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Discover a magical world with your child
Discover (Stratford, London)
Member Name: historywitch
Discover (Stratford, London)
Date: 22/02/08, updated on 28/04/08 (1314 review reads)
Advantages: Bright, colourful, encourages creativity, cheap entrance prices, lots of activities
Disadvantages: Not in the nicest area, can be busy/messy at half term
Looking for something to appeal to young children in London can be a bewildering experience, especially during half term as there is so much to choose from. Having a few days to spend at my mother's house in Greenwich we were eager to find something to entertain our two and a half year old but without resorting to the dreaded soft play. We decided to try out Discover in Stratford on the basis of a positive recommendation on a parenting site and a quick glance at their website. I now think this place deserves another positive recommendation from us!
***What is it?***
A 'hands on, interactive story trail' designed to encourage children to develop their imagination and creativity, especially related to reading and writing. It was set up as a charity to help and encourage children in deprived areas, but everyone is welcome. It is aimed at children between 0 and 9 years old.
***Where is it and how to get there?***
It is in Stratford East London and is easily accessed by public transport or car (there is an NCP car park around the corner). From Stratford train station it is a short walk to Discover and the station is served by overland trains, several tube lines and the Docklands Light Railway. The bus station is next to the train station and all relevant bus/tube etc information is neatly listed on their website.
£4.00 per person. Children under 2 are free but children older than 2 are counted as a person.
£3.50 reduction for Newnham residents and concessions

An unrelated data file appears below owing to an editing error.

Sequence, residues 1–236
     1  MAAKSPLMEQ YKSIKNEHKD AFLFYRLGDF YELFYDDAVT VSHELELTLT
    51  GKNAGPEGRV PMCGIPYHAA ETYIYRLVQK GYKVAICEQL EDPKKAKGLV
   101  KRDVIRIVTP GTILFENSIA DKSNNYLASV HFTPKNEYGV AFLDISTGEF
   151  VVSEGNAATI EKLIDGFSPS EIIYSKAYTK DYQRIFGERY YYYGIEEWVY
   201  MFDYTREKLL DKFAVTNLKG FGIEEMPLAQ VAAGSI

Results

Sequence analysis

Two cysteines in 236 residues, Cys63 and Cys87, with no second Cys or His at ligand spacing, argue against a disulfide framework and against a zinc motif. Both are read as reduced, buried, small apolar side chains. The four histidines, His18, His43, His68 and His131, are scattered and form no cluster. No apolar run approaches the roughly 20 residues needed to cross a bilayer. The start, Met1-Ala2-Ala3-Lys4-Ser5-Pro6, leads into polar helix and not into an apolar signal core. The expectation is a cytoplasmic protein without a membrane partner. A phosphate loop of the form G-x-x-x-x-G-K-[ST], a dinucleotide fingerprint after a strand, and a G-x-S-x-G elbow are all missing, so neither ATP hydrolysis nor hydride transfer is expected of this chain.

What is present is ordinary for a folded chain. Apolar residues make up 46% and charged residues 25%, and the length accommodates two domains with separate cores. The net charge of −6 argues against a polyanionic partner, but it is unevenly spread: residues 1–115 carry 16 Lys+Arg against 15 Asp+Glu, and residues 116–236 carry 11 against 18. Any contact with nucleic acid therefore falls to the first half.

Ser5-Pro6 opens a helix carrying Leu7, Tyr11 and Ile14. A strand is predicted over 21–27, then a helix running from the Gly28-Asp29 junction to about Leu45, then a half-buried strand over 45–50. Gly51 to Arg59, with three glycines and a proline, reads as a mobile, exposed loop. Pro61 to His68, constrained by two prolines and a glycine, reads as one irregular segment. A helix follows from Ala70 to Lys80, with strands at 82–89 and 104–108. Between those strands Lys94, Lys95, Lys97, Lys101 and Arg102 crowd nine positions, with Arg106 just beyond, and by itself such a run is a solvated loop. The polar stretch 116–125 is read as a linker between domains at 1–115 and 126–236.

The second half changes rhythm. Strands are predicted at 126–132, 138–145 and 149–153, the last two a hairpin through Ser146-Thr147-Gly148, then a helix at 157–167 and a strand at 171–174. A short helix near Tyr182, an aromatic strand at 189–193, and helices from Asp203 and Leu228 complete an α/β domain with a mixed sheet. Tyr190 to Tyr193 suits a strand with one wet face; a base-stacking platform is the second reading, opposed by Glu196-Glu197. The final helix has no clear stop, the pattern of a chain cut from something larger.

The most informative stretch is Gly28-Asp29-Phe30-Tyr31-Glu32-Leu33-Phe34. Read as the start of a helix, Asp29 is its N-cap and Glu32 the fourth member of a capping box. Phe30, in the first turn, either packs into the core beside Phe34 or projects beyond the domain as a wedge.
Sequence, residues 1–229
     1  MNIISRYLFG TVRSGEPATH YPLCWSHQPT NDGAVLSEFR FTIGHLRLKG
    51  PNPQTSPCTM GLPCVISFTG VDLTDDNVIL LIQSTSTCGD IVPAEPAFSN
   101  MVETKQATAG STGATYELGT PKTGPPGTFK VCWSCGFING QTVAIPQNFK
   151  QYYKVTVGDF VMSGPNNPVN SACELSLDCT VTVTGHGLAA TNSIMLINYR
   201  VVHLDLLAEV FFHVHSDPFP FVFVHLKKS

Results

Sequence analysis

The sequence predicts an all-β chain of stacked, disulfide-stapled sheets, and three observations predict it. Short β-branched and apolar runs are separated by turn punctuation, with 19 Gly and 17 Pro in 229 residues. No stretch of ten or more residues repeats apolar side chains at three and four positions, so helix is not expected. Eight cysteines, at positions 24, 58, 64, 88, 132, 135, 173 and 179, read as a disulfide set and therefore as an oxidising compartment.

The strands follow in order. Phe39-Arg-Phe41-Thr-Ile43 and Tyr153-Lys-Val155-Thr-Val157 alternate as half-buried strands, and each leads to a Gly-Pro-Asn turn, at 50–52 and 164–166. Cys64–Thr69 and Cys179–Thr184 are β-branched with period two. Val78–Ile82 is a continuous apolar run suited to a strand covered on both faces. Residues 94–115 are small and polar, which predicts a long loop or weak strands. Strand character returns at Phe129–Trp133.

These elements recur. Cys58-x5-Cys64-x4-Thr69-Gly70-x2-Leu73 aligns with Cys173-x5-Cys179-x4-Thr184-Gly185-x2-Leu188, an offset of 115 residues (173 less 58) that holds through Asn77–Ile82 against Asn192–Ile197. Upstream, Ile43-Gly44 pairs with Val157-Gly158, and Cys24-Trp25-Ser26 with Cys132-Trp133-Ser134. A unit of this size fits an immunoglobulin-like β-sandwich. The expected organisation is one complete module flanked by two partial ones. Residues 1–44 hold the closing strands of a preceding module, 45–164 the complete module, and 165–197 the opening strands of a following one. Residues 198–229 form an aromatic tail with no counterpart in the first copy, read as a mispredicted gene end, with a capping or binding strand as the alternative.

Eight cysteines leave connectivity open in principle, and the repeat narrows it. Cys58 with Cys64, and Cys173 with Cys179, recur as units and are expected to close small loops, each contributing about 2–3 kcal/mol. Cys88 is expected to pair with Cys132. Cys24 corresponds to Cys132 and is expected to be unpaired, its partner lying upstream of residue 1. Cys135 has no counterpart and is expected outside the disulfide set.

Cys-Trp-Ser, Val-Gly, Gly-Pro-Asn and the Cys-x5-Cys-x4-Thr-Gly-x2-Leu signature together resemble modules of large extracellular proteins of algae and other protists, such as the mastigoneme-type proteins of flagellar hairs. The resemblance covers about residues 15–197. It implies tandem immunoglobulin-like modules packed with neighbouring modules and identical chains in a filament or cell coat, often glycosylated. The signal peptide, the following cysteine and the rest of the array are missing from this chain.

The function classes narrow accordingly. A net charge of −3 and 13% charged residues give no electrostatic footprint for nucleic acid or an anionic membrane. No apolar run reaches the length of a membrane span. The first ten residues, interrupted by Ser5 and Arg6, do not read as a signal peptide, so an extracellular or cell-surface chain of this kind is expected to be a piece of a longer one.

£14 for a family ticket of four people.
We came in by tube to Stratford station and took the short ten minute walk to Discover through Stratford high street. As we forgot our map and didn't notice the small silver signs set into the pavement which pointed the way, we got a little confused when confronted with the Discover Centre frontage and no apparent way to enter. The entrance is in fact at the back of the building and it is not immediately obvious which way you should go to get there. The rear entrance is down a footpath which winds past the magistrates court and was very quiet. I have to say that I would have felt uneasy going down this path on my own, but with my mother and husband I felt more encouraged.
The entrance to Discover is less enticing than the frontage on the main street, as it is hidden around the corner and surrounded by a security fence. My daughter's eyes lit up however when she spotted the small play area at the front, the Story Garden, and we had to almost drag her into the building. Once in there is a small seating area with tables where you can eat your packed lunch, toilets and the ticket desk and a small shop area. The staff were extremely polite and helpful and once we had paid we were given a small map and my daughter was presented with four wooden spoons for the Story Trail.